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People allover the world eat sweet potato (both the tubers & the leaves) as vegetable  & also  in different forms.

Medicinal Uses & health benefits:
Possible health benefits of consuming sweet potatoes:
Consuming fruits and vegetables of all kinds has long been associated with a reduced risk of many adverse health conditions. Many studies have suggested that increasing consumption of plant foods like sweet potatoes decreases the risk of obesity, diabetes, heart disease and overall mortality while promoting a healthy complexion, increased energy, and overall lower weight.

Diabetes:
Sweet potatoes are considered low on the glycemic index scale, and recent research suggests they may reduce episodes of low blood sugar and insulin resistance in people with diabetes. The fiber in sweet potatoes makes a big difference too. Studies have shown that type 1 diabetics who consume high-fiber diets have lower blood glucose levels and type 2 diabetics may have improved blood sugar, lipids and insulin levels. One medium sweet potato provides about 6 grams of fiber (skin on).

The Dietary Guidelines for Americans recommends 21-25 grams of fiber per day for women and 30-38 grams per day for men, which most people do not reach.

Blood pressure:
Maintaining a low sodium intake is essential to lowering blood pressure, however increasing potassium intake may be just as important. According to the National Health and Nutrition Examination Survey, fewer than 2% of US adults are meeting the daily 4,700 mg recommendation for potassium.3 One medium sweet potato provides about 542 milligrams.

Also of note, high potassium intake is associated with a 20% decreased risk of dying from all causes.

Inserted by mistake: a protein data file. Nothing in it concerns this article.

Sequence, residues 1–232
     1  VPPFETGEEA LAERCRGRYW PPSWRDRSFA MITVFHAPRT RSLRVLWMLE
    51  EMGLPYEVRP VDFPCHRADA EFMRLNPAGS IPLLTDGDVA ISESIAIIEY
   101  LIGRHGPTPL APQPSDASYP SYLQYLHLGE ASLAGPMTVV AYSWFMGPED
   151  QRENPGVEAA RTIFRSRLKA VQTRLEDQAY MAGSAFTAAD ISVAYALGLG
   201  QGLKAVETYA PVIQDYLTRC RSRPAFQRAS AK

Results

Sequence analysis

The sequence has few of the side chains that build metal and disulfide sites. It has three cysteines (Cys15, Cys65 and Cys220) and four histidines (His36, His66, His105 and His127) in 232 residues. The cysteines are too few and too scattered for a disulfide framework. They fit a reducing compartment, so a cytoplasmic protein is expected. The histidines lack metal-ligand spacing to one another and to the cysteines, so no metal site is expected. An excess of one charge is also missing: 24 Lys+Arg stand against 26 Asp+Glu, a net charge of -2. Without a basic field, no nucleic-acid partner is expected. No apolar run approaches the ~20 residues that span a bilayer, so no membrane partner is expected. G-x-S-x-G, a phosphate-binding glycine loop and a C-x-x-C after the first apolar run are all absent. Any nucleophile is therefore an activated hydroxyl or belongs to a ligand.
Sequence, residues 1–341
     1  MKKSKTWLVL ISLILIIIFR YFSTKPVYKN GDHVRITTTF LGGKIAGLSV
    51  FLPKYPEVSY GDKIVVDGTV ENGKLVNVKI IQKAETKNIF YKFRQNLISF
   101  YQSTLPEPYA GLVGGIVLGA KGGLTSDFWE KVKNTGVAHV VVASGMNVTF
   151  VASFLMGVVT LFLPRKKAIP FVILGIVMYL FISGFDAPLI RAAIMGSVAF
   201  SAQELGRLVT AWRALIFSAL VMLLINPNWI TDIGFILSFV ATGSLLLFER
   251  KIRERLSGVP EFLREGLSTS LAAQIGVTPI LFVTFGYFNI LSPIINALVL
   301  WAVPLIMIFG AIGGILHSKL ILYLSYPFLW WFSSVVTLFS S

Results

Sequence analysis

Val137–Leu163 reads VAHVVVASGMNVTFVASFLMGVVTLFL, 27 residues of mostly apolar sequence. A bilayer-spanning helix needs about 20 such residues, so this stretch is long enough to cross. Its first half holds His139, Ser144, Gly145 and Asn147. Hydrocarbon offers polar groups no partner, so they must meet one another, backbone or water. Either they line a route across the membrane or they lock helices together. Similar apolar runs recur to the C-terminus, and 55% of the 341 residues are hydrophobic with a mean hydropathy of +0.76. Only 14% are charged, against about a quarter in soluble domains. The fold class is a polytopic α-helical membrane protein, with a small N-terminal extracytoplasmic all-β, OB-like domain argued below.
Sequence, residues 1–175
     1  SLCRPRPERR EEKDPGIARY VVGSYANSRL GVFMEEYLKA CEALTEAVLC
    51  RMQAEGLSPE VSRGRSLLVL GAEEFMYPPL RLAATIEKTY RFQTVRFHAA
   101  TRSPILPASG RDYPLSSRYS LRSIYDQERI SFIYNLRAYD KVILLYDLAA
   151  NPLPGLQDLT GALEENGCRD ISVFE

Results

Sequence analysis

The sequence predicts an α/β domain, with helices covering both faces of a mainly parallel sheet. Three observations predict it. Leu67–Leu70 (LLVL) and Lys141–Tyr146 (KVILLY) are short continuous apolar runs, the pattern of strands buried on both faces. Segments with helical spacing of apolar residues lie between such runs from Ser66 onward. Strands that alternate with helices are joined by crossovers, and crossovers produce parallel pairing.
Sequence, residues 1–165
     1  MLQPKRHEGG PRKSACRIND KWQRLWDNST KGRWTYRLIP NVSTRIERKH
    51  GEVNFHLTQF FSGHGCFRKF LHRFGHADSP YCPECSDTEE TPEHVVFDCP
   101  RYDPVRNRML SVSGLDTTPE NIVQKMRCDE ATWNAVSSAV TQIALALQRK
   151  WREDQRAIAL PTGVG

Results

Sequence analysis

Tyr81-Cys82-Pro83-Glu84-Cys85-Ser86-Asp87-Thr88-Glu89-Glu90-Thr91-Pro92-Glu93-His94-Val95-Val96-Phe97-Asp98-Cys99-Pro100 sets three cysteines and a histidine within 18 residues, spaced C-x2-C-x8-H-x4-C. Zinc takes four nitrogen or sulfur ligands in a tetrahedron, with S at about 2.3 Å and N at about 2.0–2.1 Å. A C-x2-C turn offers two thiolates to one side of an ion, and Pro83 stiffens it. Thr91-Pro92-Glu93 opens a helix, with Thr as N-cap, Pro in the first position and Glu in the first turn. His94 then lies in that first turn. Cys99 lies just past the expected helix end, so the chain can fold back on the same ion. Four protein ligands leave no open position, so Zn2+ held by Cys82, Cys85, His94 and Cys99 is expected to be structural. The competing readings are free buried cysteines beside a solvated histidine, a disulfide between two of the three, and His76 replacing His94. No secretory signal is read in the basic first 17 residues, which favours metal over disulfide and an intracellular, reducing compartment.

Cancer:
Among younger men, diets rich in beta-carotene may play a protective role against prostate cancer, according to a study conducted by the Harvard School of Public Health’s Department of Nutrition.4 Beta-carotene has also been shown to have an inverse association with the development of colon cancer in the Japanese population.

Digestion and regularity:
Because of its high fiber content, sweet potatoes help to prevent constipation and promote regularity for a healthy digestive tract.

Fertility:
For women of childbearing age, consuming more iron from plant sources appears to promote fertility, according Harvard Medical School‘s Harvard Health Publications. The vitamin A in sweet potatoes (consumed as beta-carotene then converted to vitamin A in the body) is also essential during pregnancy and lactation for hormone synthesis.

Immunity:
Plant foods like sweet potatoes that are high in both vitamin C and beta-carotene offer an immunity boost from their powerful combination of nutrients.

Inflammation:
Choline is a very important and versatile nutrient in sweet potatoes that helps with sleep, muscle movement, learning and memory. Choline also helps to maintain the structure of cellular membranes, aids in the transmission of nerve impulses, assists in the absorption of fat and reduces chronic inflammation.6

In a study published by the Journal of Medicinal Food, purple sweet potato extract was found to have positive anti-inflammatory and antilipogenic effects as well as free radical scavenging and reducing activity.

Vision:
According to Duke ophthalmologist Jill Koury, MD, vitamin A deficiency causes the outer segments of the eye’s photoreceptors to deteriorate, damaging normal vision. Correcting vitamin A deficiencies with foods high in beta-carotene will restore vision.

Also of note, the antioxidant vitamins C and E in sweet potatoes have been shown to support eye health and prevent degenerative damage.

A higher intake of all fruits (3 or more servings per day) has also been shown to decrease the risk of and progression of age-related macular degeneration.
Other Uses:
In South America, the juice of red sweet potatoes is combined with lime juice to make a dye for cloth. By varying the proportions of the juices, every shade from pink to black can be obtained.

All parts of the plant are used for animal fodder.

Sweet potatoes or camotes are often found in Moche ceramics.

Several selections are cultivated in gardens as ornamental plants for their attractive foliage, including the dark-leafed cultivars ‘Blackie’ and ‘Ace of Spades’ and the chartreuse-foliaged ‘Margarita’.